Since its foundation in 1928, on the basis of “moderate Islam”, the MB’s founding fathers highly valued maintaining a middle ground. They were capable of maintaining their position at the centre of the opposition, simultaneously appealing to seculars as well as Islamic grassroots movements. As the group came to power, for the first time they had to make choices publicly; they were forced to take one side over another, which resulted in a rapid loss of credibility. Accordingly, they understood that their popularity was no longer guaranteed.

For the sake of survival, Morsi was forced to break many of the basic principles of the Brotherhood. He had to give up their long-standing opposition to Israel, address President Perez as his “loyal friend” in a letter of October 18, 2012, recognize the Camp David Accords and condemn Islamist militias. Accepting the end of this hostility, set the Brotherhood’s grassroots movement at odds; making an alliance with traditional internal enemies - seculars, liberals, Nasserists, and several other components of the revolutionary powers - an unbearable risk. Within the MB culture, it was inevitably easier to accept the President’s alliance with conservative state institutions like the army, police, and Al Azhar.  

This failure to “maintain the equilibrium” was predicted to the extent that the decision to run for presidency was taken by a majority lower than 51% in the Brotherhood’s Shura Council. Alison Pargeter, Sana Abed-Kotob, Carrie Wickham, Mona Makram Ebeid, and Hazem Kandil are a few among many scholars who asserted that the exclusivity of the MB’s composition would limit their ability to govern. Kotob and Ebeid asserted that the Brotherhood’s inclination for gradual change “within” the status quo would halt their construction of a well-built vision of a State. Wickham highlighted that the MB’s fragility makes them incompetent to maintain internal order to formulate a political regime. Most recently, Pargeter and Kandil predicted their failure once confrontation with State institutions became necessary.

The confrontation

After a revolution, institutional collision with whoever comes to power is innate. In Egypt the surprise was not the institutions’ resistance to the new ruler, but the rulers’ passivity. As explained above, the new regime had no choice but to abide with the old regime’s rules of the game. Loss was guaranteed if there was an attempt to play against those rules. The MB's bet was to neutralize international communities and the masses first, then start the gradual ousting of the old regime.

Within his first few weeks, Morsi attempted to reinstate the parliament dissolved by SCAF. While other actors remained impartial; state institutions went on strike ferociously and the media questioned his legitimacy. Military troops surrounded parliament in a ceremonial declaration of their readiness for the battle. Morsi had no other option but to retreat and retaliate later by ordering Egypt’s two top military generals to retire. This is when the ping-pong game kicked-off.

The confrontation began. Civil youth were mobilized and started collecting signatures for the “Tamarod/Rebel” campaign to remove Morsi from power. Morsi, on the other hand, tried to appeal to the masses through revolutionary and anti-“old-regime” rhetoric. But he had to be careful not to lose all those within the old-regime’s pool (particularly the military and police). To the masses, it was too little too late. The MB then changed their approach and tried to appeal to the international community. However, the international community was busy with Syria’s crises and austerity in the US and EU, and their support for Morsi’s legitimacy was marginal and ceremonial. It then became obvious that the military/Tamarod coalition was winning.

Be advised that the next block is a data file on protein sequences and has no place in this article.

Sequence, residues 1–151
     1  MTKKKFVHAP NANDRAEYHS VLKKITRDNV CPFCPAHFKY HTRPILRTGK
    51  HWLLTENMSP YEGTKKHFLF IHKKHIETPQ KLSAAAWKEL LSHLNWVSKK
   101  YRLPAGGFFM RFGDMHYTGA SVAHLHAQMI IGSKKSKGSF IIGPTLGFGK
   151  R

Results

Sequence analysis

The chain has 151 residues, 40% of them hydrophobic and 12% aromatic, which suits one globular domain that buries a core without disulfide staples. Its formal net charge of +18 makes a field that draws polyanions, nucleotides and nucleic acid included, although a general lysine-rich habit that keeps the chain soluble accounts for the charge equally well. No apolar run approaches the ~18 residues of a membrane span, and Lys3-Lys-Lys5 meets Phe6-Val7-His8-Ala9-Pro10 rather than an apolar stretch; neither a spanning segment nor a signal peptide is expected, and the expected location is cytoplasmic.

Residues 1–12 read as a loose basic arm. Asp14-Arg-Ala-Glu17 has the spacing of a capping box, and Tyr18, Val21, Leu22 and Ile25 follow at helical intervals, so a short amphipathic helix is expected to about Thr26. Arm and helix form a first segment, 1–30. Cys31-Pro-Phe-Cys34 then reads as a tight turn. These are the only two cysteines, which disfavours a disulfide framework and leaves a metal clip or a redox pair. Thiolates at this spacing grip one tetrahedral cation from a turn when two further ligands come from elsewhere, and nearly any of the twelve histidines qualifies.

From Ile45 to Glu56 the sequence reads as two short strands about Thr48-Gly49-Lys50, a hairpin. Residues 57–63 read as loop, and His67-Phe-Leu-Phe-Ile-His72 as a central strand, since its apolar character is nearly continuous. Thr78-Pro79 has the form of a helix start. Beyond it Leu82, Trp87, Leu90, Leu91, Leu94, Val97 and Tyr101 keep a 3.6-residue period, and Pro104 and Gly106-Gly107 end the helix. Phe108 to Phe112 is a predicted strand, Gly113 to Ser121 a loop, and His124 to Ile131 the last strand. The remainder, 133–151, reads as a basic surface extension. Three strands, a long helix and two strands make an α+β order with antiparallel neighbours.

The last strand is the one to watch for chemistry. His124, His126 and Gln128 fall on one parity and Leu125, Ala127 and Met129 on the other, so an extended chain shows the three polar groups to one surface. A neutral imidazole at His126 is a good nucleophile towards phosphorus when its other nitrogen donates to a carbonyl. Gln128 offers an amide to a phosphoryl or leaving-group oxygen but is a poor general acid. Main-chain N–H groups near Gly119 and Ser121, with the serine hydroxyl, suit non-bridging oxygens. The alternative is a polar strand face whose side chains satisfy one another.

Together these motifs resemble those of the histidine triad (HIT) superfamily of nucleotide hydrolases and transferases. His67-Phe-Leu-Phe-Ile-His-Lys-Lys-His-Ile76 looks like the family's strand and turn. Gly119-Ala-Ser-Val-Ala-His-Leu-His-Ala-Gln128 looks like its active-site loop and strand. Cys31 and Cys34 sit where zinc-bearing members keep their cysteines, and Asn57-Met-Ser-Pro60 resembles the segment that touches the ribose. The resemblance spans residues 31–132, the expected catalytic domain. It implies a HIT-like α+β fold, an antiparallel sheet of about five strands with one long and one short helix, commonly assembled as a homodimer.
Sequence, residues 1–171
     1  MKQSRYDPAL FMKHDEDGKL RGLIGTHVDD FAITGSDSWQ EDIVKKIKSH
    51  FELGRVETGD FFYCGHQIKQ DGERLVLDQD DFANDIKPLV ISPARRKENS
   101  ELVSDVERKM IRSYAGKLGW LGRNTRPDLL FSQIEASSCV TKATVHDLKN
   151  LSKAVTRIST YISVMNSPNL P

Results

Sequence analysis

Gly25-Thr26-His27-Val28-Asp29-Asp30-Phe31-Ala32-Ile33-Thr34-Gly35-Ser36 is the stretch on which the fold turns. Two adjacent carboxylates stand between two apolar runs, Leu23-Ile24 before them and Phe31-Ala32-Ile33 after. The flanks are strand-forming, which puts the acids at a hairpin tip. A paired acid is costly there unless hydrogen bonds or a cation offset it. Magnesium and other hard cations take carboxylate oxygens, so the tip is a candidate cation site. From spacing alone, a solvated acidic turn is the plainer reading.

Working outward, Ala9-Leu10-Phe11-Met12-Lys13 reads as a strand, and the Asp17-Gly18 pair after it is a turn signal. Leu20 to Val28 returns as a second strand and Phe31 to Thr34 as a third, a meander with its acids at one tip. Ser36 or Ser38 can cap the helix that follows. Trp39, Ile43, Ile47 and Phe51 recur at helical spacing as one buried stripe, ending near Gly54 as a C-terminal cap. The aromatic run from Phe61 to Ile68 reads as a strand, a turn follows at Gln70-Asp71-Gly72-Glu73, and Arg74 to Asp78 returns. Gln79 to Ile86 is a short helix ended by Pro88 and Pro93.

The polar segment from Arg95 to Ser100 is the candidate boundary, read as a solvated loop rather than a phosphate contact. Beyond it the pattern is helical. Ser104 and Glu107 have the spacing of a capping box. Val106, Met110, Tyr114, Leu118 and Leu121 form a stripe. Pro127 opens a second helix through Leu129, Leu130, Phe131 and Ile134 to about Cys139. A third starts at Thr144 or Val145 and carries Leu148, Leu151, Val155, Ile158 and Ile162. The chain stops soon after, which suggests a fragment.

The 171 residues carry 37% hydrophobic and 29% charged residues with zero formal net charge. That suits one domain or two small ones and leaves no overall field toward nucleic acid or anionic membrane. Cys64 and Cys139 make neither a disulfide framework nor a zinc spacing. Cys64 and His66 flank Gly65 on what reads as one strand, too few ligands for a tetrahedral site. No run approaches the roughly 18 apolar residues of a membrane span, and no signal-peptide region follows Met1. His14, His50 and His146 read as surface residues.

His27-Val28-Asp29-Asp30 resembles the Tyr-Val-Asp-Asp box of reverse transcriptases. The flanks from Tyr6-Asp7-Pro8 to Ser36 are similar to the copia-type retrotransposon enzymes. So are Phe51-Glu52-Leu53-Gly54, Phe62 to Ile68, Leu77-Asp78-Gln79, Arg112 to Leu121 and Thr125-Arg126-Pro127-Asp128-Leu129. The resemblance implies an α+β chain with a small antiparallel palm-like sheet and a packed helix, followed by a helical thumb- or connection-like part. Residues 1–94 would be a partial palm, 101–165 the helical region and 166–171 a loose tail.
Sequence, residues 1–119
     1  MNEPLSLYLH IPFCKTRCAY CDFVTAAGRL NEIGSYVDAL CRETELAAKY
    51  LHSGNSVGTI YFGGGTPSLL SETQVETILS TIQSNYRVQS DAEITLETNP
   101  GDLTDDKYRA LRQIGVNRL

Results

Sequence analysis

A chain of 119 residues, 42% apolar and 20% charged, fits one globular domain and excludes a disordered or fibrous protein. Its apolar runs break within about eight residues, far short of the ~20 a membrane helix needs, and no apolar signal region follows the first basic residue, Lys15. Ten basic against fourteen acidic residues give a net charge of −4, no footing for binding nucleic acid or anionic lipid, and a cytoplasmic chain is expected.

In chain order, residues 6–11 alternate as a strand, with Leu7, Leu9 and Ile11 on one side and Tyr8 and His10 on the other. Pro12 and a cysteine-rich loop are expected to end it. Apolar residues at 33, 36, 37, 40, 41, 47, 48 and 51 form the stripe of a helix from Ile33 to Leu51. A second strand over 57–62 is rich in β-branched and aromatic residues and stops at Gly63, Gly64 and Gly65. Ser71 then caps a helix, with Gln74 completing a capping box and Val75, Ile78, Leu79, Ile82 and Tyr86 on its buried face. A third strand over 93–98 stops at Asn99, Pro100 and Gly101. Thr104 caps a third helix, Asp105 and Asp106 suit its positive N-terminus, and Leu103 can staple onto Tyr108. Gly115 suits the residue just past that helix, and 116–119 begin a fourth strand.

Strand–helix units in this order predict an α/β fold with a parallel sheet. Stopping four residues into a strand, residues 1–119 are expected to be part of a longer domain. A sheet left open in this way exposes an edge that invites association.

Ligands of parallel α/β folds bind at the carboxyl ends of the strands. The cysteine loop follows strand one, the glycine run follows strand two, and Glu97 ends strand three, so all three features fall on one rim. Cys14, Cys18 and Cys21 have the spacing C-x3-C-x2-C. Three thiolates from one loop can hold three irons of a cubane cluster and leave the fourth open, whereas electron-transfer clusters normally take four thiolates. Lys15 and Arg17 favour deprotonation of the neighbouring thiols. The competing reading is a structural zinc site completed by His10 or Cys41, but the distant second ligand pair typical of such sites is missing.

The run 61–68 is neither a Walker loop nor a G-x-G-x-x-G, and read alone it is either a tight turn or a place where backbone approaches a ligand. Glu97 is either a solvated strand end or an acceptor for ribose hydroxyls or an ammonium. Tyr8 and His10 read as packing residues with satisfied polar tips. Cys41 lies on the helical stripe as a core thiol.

June 30 was no more than a ceremony commencing the re-inauguration of old state institutions, where the police, army, and civilians shared the same cheering support for the military, “Overthrow him Sisi, Morsi is not my President.” The military appeared perfectly prepared; within less than 24 hours they announced a 48-hour time-limit for Morsi to agree to early presidential elections – to which he did not. So the coup was declared on the dot.

The relapse

Gradually but assertively, the military started to break down all revolutionary taboos, and re-establish the old status quo. With a median rate of 17 martyrs a day during the 30 days between August 14 (first day of the dispersal of the two sit-ins) and October 14, 96 journalists and bloggers detained, above 4000 MB members imprisoned – 11 sentenced to life in prison by military courts and 36 killed in prison; it has been clear that the “partly liberal” era had been dismayed. Although the military did not assume power officially after the June 30 coup, it has been widely confirmed within the Egyptian public that Gen. Abdel Fattah El Sisi - the leader of the coup, Commander-in-Chief of the Armed Forces, Deputy Prime Minister and Minister of Defence - is the one in charge. Especially after the masses took to the streets, upon his request on July 26 to give him a mandate to fight “terrorism” and the MB. Two days later, the President issued a decree that authorizes the Prime Minister to grant arrest powers to security forces in “cases of emergency”. Moreover, a curfew and state of emergency have been in place since August 14.

Is it over?

Understanding the complicated narrative between 2011-2013 is necessary to reinstate the January 2011 momentum. Throwing the blame on the MB or any single actor is not only unfair, but also insufficient. The aim here is to approach this relapse from a realist perspective and to give an internal scope and for the sake of simplicity the focus has only been on the two regimes - as main actors - without other variables. Several other approaches, phases, and agencies – including international actors - need to be considered for a fairer account.

Someday, someway, somehow, somebody will do something stupid similar to Mubarak and his "crown" inheritance project - (maybe El Sisi running for president?) - and this could result in a return of the initial uproar. If we learn from our mistakes, the second revolution will be more mature and miles closer to freedom.

 

About the author

Hesham Shafick is a research assistant and an MPhil in the School of Public Policy, University College London.